Jo Nesbo's Harry Hole books are ubiquitous. I doubt airport bookshops are allowed to operate without them. So when I found myself in the mood for some more Scandi-Noir, I decided to make Harry Hole's acquaintance.
I'm compulsive about starting series from the beginning, so I bought "The Bat" which has "The First Harry Hole Thriller" written on the cover. This turned out to be a piece of marketing slickness - true but designed to mislead. It turns out that "The Redbreast" was the first Harry Hole book to be published. "The Bat" was published thirteen years later. It's called the first book because the events in it pre-date those in "The Redbreast". If I'd realised that, I'd have read the books in the order that they were published because it allows me to see how the writer's style changes as the years pass.
It also turned out that I hadn't bought a Scandi-Noir book. Harry Hole is Norwegian but "The Bat" is set in Australia and has much more to do with the shadows cast by Australian racism than with moody Northern skies.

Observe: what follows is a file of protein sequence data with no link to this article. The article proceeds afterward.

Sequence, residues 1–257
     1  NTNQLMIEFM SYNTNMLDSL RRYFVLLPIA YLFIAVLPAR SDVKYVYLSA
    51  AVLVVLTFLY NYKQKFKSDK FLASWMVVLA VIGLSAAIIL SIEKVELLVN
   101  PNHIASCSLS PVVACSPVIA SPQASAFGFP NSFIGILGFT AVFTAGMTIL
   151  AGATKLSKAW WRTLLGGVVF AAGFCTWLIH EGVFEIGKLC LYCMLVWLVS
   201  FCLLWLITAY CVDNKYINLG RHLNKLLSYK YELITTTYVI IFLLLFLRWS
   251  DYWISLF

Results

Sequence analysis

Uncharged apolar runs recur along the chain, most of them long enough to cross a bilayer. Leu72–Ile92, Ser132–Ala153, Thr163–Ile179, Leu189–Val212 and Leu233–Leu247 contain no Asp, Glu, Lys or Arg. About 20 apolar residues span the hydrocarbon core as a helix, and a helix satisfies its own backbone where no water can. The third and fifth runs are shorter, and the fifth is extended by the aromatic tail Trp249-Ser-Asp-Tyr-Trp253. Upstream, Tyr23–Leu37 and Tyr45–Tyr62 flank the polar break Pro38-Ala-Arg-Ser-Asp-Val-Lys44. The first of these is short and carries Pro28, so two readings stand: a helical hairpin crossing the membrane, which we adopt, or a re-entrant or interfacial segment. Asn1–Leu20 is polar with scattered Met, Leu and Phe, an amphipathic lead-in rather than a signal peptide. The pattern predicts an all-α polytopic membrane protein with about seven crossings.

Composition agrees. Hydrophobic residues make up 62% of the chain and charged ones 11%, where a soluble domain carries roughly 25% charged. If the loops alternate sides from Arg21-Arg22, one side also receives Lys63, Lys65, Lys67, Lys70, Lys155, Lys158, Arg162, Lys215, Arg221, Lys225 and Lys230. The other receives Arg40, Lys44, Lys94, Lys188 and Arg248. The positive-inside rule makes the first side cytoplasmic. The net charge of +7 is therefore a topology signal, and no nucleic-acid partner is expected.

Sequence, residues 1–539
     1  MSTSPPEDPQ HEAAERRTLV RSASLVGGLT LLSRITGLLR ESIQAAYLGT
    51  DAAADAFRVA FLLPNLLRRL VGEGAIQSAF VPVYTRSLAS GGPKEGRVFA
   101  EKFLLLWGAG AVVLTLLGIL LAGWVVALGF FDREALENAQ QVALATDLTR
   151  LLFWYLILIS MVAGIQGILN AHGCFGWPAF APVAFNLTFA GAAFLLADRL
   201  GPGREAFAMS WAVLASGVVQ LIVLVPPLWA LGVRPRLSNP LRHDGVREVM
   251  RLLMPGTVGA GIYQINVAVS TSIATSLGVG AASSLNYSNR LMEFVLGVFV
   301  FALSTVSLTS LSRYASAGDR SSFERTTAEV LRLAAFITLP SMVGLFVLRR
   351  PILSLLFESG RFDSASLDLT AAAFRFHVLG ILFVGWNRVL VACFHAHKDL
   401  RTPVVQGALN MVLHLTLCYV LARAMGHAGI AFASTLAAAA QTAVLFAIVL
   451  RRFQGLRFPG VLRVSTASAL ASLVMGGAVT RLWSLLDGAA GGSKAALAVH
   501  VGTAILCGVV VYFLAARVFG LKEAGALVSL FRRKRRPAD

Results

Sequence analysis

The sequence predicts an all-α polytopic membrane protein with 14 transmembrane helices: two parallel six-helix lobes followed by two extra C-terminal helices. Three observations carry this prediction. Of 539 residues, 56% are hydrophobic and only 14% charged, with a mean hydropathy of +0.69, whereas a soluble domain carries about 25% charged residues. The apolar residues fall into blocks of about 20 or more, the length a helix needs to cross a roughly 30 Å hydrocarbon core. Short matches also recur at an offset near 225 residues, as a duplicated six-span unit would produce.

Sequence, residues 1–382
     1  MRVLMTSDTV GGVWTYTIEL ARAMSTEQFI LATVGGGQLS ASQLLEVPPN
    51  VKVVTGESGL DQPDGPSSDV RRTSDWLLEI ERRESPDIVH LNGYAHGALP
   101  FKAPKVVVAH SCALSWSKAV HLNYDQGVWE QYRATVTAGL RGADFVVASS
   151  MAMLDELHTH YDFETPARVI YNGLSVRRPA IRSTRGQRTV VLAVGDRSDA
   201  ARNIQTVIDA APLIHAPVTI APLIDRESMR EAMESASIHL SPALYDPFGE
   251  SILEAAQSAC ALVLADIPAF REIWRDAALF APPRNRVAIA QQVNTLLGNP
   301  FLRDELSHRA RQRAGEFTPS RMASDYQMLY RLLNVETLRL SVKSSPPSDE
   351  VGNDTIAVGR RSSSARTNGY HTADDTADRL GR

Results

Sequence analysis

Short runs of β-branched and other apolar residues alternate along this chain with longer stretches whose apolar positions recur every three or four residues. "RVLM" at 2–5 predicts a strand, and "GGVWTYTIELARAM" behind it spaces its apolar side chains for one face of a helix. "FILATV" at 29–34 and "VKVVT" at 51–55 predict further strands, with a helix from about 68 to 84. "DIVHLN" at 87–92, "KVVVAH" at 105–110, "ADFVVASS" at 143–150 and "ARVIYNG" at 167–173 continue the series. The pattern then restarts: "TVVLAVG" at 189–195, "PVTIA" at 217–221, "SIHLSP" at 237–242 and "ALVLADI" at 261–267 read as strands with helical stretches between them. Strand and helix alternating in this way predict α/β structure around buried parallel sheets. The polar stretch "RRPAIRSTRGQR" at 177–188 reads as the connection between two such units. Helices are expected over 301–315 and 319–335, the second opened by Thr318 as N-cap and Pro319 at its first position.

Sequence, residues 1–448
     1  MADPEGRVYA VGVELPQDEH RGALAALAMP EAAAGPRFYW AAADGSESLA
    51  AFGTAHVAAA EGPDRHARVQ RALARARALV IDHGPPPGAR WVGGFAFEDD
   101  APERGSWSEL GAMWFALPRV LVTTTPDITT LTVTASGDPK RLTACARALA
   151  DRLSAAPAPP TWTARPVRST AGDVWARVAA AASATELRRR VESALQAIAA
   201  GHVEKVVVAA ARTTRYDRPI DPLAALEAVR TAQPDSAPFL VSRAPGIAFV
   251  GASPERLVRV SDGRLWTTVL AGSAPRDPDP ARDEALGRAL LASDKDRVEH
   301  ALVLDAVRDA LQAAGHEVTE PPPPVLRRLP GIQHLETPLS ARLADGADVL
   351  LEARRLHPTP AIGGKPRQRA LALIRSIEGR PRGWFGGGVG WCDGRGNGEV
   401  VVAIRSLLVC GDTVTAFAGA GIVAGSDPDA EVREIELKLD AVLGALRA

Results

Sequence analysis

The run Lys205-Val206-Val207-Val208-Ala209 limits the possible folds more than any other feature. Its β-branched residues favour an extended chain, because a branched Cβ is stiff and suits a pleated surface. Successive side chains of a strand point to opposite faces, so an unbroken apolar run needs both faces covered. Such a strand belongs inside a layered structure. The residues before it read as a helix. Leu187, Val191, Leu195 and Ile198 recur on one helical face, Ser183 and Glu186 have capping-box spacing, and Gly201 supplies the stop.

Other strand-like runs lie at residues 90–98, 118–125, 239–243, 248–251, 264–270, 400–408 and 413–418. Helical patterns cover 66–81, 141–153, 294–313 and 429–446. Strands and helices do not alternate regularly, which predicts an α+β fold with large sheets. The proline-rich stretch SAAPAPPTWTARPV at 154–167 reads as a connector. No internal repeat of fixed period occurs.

Still, "The Bat" was worth reading, mainly for Jo Nesbo's storytelling ability. I found the plot a little stilted. It all made sense but I really didn't care that much. I doubt Jo Nesbo did either. His main focus was on exposing Harry Hole's Norwegian sensibilities to the myths of the aboriginal Dreamtime and what they tell us of "the dark forest of the human soul". The tales are well told, slipping into my memory and finding a home there without leaving me feeling lectured at. It seemed to me that the plot is constructed to showcase these tales.
Harry Hole is an alcoholic. I sighed when I read that, it's such a cliché for a policeman, yet it's not a cliché in Jo Nesbo's hands. He doesn't use alcoholism as an accessory to dress an otherwise dull character. Nesbo shows what being an alcoholic means. Harry Hole disappears into a bottle and stays there, drowning in grief and self-pity, for a significant part of the book.
I couldn't find much to like about Harry Hole but then, he can't find much to like about himself.
I found a lot to like about Jo Nesbo's writing. That is enough for me to keep on with this series and to be glad that I read "The Bat"
I listened to the audiobook version, narrated by Sean Barrett, who did an excellent job, especially with all the accents required.